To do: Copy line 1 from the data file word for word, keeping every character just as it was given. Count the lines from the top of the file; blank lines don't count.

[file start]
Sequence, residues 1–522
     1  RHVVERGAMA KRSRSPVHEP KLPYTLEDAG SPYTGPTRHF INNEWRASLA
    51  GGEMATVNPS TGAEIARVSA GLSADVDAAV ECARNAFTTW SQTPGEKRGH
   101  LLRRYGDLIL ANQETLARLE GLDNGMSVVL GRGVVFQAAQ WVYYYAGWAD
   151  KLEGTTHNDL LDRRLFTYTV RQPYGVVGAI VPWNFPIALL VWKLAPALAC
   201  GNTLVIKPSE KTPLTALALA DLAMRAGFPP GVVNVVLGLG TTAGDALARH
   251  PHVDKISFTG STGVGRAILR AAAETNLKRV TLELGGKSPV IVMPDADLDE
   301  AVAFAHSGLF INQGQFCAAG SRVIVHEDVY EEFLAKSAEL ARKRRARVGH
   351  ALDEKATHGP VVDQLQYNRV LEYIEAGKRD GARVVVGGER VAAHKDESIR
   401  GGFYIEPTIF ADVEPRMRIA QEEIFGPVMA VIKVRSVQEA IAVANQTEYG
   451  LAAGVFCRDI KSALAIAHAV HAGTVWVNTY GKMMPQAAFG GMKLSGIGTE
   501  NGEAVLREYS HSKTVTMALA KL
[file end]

Sequence, residues 1–522